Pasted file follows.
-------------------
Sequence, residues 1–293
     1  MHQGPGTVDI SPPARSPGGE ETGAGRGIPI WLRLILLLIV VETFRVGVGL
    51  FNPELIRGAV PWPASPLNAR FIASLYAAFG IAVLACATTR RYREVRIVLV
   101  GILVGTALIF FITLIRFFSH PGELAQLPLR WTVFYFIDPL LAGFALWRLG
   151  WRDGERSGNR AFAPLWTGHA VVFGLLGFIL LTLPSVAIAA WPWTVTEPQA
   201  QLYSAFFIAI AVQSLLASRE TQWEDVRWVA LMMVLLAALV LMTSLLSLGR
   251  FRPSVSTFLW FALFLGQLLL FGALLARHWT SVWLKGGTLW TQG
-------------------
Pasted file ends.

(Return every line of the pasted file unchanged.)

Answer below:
Sequence, residues 1–293
     1  MHQGPGTVDI SPPARSPGGE ETGAGRGIPI WLRLILLLIV VETFRVGVGL
    51  FNPELIRGAV PWPASPLNAR FIASLYAAFG IAVLACATTR RYREVRIVLV
   101  GILVGTALIF FITLIRFFSH PGELAQLPLR WTVFYFIDPL LAGFALWRLG
   151  WRDGERSGNR AFAPLWTGHA VVFGLLGFIL LTLPSVAIAA WPWTVTEPQA
   201  QLYSAFFIAI AVQSLLASRE TQWEDVRWVA LMMVLLAALV LMTSLLSLGR
   251  FRPSVSTFLW FALFLGQLLL FGALLARHWT SVWLKGGTLW TQG